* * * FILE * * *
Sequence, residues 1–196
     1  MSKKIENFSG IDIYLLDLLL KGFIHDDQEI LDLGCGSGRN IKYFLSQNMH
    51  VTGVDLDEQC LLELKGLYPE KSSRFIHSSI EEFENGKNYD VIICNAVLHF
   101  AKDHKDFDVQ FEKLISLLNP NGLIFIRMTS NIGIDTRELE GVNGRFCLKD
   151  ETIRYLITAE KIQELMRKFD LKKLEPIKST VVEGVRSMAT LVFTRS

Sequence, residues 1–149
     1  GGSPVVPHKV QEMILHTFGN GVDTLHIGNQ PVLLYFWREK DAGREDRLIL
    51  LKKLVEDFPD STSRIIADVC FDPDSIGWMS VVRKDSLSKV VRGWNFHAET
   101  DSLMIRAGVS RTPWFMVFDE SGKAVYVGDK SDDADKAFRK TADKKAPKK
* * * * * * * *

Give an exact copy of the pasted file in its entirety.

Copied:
Sequence, residues 1–196
     1  MSKKIENFSG IDIYLLDLLL KGFIHDDQEI LDLGCGSGRN IKYFLSQNMH
    51  VTGVDLDEQC LLELKGLYPE KSSRFIHSSI EEFENGKNYD VIICNAVLHF
   101  AKDHKDFDVQ FEKLISLLNP NGLIFIRMTS NIGIDTRELE GVNGRFCLKD
   151  ETIRYLITAE KIQELMRKFD LKKLEPIKST VVEGVRSMAT LVFTRS

Sequence, residues 1–149
     1  GGSPVVPHKV QEMILHTFGN GVDTLHIGNQ PVLLYFWREK DAGREDRLIL
    51  LKKLVEDFPD STSRIIADVC FDPDSIGWMS VVRKDSLSKV VRGWNFHAET
   101  DSLMIRAGVS RTPWFMVFDE SGKAVYVGDK SDDADKAFRK TADKKAPKK